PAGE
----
Why Are American Voters Disillusioned?

A recent NYT editorial cartoon showing Trump and Hillary stranded on a desert island indicated the American public would be the winner in the upcoming election if they both stayed there.

Why are  we American voters disillusioned? Could it be the sense that no candidate truly represents us? Casting a vote – that privilege and responsibility Americans cherish – seems ineffectual on the national level.

Could American voters feel overwhelmed by the responsibility to affect change at the top? Perhaps it’s the thought that corruption and injustice reign throughout the nation’s governing institutions, not only in a few federal offices. Will one vote in one election year matter?

I am an American voter beginning to think I can’t help change my country’s political environment. There is an uneasy fear churning in my soul as little by little the government dictates more and more as my liberties vanish.

How can voters rally to clean house on the federal level when it seems that injustice and evil are not trickling down to take over our lives, but are swooshing towards us in a flash flood of corruption that destroys truth and freedom in its path?

Maybe it’s NOT the trickling-down effect that’s the culprit. Maybe corruption has been creeping up. Complacency toward political climates on the local level – in our city councils, county commissions, lower courts, legal agencies, police departments, sheriff offices, school boards, industry, corporations – has perhaps allowed small government to be the training camp for candidates who wind up on our national ballots.

If we as American voters ignore corruption on the local level, the nation’s political climate will continue to deteriorate. We can’t protest and fan the fires of change if we keep dousing those fires in our hometowns. Those who directly influence our lives in a way that those in Washington don’t should be leading the fight for truth and justice. They should not be the ones who take lightly the power they have over individual destinies. Justice should be doled out equally, truth actively sought. Those in power at the local level cannot be those who use that power unethically.

“It’s been suggested that we’ve moved to a post-factual society, where evidence and truth no longer matter, and lies have equal status to the clarity of evidence.”  ~ Alexander Betts

If we can’t affect change on the local level, what makes us think we can at the federal level?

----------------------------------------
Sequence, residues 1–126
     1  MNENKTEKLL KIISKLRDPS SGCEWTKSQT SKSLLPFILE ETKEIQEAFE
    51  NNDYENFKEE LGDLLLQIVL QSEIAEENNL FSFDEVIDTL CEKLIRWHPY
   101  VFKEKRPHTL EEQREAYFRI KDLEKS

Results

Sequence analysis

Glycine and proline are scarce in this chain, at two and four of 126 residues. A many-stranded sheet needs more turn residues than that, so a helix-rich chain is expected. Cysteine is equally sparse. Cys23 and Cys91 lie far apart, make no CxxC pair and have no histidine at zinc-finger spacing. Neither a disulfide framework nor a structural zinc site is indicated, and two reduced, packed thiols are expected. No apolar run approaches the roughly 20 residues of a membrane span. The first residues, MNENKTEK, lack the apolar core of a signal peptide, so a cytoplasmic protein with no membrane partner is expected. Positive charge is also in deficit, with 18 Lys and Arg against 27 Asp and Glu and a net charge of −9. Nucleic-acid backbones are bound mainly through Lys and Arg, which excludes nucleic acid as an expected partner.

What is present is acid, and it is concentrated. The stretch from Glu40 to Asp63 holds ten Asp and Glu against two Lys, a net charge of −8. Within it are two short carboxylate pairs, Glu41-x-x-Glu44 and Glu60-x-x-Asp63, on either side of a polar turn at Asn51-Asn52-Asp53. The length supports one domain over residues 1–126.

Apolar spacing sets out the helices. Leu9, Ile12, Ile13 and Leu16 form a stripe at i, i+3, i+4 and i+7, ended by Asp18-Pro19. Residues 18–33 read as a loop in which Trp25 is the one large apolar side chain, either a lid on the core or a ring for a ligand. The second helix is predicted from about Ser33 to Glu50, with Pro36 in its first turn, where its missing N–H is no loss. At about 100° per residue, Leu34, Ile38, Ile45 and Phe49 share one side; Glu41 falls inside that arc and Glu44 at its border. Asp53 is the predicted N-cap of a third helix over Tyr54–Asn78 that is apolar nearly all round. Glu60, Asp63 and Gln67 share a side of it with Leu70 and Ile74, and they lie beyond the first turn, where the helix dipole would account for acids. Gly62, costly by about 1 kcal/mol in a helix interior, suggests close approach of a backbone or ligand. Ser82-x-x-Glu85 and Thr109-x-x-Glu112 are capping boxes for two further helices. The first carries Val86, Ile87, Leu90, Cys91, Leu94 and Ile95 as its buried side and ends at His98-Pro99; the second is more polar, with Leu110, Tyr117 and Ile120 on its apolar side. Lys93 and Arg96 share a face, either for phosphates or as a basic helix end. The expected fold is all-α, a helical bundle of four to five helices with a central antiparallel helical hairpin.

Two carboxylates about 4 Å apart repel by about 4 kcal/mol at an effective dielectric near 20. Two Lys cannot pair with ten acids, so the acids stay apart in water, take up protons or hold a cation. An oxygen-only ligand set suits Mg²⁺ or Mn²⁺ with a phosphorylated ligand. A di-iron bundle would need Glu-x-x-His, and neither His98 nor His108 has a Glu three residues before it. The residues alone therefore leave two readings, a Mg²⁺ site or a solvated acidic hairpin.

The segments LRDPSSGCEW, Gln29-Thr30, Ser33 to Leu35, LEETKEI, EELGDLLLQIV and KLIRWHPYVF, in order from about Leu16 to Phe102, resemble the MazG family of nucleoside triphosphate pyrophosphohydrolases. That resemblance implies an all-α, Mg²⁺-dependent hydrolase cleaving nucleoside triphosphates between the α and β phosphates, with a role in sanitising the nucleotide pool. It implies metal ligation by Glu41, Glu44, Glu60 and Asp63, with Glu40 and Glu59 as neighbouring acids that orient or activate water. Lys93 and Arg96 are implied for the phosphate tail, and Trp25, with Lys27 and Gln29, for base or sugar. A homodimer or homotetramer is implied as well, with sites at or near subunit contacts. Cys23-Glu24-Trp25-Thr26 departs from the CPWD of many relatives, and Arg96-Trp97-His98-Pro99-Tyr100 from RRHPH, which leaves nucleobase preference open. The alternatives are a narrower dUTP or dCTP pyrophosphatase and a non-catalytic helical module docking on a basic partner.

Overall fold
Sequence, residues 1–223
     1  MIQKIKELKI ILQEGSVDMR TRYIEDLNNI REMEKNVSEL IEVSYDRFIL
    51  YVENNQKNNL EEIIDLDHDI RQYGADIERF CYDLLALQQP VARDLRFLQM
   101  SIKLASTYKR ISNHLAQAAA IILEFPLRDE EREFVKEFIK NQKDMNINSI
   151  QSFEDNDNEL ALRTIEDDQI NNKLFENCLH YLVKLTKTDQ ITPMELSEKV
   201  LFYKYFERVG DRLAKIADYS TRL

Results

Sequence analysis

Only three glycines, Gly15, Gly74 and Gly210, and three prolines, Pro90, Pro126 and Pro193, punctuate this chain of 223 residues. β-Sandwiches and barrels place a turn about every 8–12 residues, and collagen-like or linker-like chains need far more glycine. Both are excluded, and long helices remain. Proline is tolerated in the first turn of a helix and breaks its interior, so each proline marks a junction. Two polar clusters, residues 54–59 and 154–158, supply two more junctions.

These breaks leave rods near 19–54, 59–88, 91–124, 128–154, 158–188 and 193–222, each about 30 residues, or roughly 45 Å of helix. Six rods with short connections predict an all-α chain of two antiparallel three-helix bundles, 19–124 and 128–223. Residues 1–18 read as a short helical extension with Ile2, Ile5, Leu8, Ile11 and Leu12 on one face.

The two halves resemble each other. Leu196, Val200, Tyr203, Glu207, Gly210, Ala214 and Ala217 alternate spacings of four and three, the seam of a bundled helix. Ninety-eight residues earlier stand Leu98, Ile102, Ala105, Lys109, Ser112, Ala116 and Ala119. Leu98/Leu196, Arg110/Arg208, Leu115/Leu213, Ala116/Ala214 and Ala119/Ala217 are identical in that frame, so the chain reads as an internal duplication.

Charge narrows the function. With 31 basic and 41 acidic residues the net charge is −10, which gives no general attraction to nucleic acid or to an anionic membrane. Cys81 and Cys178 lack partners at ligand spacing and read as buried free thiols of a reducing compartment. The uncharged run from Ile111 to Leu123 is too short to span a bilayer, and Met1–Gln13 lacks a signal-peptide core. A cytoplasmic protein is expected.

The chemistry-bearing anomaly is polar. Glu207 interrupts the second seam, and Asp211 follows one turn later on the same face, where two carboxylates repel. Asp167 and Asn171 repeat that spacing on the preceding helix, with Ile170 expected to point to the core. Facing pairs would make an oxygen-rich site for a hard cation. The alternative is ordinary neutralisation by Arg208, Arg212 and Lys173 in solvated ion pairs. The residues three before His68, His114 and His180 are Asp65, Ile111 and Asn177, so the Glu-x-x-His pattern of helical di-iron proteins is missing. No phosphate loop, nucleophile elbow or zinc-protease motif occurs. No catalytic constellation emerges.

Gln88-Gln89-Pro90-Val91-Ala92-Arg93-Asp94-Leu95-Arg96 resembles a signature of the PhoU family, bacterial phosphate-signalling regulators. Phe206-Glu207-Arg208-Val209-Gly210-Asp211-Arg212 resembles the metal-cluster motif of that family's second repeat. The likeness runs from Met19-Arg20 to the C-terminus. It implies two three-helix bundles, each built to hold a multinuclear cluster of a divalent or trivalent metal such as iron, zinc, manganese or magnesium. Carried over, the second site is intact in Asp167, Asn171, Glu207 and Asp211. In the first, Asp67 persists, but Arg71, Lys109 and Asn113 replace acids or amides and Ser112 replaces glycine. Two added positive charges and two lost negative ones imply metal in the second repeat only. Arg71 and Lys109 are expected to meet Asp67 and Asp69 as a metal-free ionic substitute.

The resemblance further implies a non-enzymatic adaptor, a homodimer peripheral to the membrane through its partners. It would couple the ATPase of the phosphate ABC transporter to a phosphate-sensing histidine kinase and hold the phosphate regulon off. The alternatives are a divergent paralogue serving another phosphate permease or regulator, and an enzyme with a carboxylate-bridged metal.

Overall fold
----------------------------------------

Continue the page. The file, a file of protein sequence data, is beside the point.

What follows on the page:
My vote matters in my  hometown.

About Teresa Pearson Lee

Retired after 33 years of teaching English and French (one year in private school in Memphis, TN and the rest in public school in Doniphan, MO. Enjoying new adventures - all those things I put off for lack of time, energy, now I can try them! Pottery, writing, traveling, camping, kayaking, dancing, listening to some of the best live music ever, and making lively new friendships. All christened with an appreciation for great red wine! Created and operated KC's on the Current, then sold it and managed it for new owners. You might still find me at the reservation desk when spring rolls around. Born and raised in St. Louis, MO near The Hill. Though a transplant to Southeast Missouri, still a city gal at the core with a deep love of the natural resources in these Ozark foothills. Currently I am a content coordinator for Poplar Bluff Living Magazine and a columnist/stringer for the local weekly The Prospect News. My rescue Siamese helps with most of the proofreading; he has a great ear. I relish the solitude easily had in the Mark Twain Forest but thoroughly enjoy lively outings for music, wine, conversation close to home or in my beloved hometown. Technology is my greatest challenge but so worth the shared connections. There may be a need for solitude but there is little loneliness. The material in this blog written by Teresa Lee is her property and cannot be used without express written consent to do so.
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